Of course, I was the only Westerner in the entire building, and all the other immigrants stared at me like I was from another planet. The immigration office was packed to capacity with Burmese and myself, all waiting to have our passports stamped. There was a service window, and rather than a single file line, there was a cluster of people all shoving one another to get access to it. As I waited at the back of the mob, I wondered if when I got to the front if people would shove up against me as well and crush me in the sea of bodies.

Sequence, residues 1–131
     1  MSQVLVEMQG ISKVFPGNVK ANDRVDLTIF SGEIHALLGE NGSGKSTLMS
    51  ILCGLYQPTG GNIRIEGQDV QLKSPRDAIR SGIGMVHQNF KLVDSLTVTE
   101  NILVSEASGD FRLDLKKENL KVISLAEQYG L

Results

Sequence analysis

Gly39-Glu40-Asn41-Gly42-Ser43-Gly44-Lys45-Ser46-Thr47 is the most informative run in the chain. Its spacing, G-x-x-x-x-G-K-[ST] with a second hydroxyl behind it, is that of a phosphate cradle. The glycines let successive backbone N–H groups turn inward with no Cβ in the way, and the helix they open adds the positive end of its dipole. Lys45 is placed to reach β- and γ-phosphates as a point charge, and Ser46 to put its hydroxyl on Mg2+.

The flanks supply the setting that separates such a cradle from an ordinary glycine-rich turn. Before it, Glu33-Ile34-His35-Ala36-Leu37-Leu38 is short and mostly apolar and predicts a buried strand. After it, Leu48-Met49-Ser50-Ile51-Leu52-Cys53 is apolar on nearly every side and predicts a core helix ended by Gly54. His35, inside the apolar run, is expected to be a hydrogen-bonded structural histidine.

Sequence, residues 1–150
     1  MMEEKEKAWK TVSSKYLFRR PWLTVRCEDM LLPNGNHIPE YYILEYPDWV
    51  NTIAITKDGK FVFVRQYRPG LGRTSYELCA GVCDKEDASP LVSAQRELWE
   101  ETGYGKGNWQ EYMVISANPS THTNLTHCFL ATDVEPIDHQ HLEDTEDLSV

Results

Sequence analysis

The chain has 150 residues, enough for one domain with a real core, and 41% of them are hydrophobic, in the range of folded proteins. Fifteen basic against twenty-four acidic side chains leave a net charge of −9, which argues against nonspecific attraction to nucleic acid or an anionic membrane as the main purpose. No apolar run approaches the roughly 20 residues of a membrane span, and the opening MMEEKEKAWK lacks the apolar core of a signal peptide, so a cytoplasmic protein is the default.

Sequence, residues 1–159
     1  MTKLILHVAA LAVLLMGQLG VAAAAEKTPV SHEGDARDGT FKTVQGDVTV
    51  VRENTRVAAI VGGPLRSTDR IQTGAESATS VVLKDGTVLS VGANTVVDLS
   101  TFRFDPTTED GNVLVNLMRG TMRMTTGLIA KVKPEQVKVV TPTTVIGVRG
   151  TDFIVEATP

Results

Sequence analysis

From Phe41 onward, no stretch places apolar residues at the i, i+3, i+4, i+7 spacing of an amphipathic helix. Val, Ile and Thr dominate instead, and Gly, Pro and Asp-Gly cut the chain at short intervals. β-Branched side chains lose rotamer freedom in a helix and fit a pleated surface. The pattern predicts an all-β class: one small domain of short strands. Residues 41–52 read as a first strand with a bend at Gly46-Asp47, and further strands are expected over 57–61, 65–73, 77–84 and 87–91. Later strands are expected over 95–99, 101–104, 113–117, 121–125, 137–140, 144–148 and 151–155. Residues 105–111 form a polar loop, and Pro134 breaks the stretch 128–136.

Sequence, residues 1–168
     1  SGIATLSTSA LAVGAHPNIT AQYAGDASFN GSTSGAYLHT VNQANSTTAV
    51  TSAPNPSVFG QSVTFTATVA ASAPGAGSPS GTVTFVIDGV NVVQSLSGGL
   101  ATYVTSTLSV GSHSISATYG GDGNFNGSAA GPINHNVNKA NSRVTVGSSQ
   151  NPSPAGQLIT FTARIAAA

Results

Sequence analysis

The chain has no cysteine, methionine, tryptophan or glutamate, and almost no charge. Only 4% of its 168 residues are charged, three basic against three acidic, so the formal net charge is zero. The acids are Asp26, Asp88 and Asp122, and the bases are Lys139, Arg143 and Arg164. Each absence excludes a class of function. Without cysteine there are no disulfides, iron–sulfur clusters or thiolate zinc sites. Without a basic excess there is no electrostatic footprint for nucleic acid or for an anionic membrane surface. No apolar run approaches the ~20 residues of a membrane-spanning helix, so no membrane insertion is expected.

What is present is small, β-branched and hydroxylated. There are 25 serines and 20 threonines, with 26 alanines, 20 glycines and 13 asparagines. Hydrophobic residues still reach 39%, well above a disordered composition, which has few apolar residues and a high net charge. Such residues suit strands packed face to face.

After about twenty minutes of standing there, debating if I should move up, I realized there were another room and a sign that said “one stop visa renewal.” I wiggled my way through the crowd and walked into the next office. There I sat at a desk and waited for the woman to simply stamp my passport. I watched the clock pass over an hour, as she continued to tell me, “just one moment please.” I was patient because by the looks of the leaning towers of paper and folders on her desk, she had a lot of other work she had to do, and was probably having a long day. I sat quietly and looked around the office. Seated next to me was a mother with a baby that was naked. I wondered why she would take a naked baby, especially with no diaper, to a government office to do immigration paperwork? There are things you see here, that you just wouldn’t in the States.